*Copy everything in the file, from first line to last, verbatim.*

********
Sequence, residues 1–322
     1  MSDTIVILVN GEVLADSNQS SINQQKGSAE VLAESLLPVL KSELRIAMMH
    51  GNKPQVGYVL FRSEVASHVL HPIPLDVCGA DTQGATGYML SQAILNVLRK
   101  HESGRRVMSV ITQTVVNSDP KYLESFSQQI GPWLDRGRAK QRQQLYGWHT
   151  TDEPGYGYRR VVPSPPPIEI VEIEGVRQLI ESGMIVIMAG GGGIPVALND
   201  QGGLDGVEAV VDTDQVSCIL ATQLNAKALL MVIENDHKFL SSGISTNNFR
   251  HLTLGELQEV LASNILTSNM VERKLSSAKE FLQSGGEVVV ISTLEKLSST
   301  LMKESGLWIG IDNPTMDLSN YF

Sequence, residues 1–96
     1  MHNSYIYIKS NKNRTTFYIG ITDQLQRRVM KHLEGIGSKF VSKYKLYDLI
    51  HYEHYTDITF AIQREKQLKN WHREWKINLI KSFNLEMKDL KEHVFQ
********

Sequence, residues 1–322
     1  MSDTIVILVN GEVLADSNQS SINQQKGSAE VLAESLLPVL KSELRIAMMH
    51  GNKPQVGYVL FRSEVASHVL HPIPLDVCGA DTQGATGYML SQAILNVLRK
   101  HESGRRVMSV ITQTVVNSDP KYLESFSQQI GPWLDRGRAK QRQQLYGWHT
   151  TDEPGYGYRR VVPSPPPIEI VEIEGVRQLI ESGMIVIMAG GGGIPVALND
   201  QGGLDGVEAV VDTDQVSCIL ATQLNAKALL MVIENDHKFL SSGISTNNFR
   251  HLTLGELQEV LASNILTSNM VERKLSSAKE FLQSGGEVVV ISTLEKLSST
   301  LMKESGLWIG IDNPTMDLSN YF

Sequence, residues 1–96
     1  MHNSYIYIKS NKNRTTFYIG ITDQLQRRVM KHLEGIGSKF VSKYKLYDLI
    51  HYEHYTDITF AIQREKQLKN WHREWKINLI KSFNLEMKDL KEHVFQ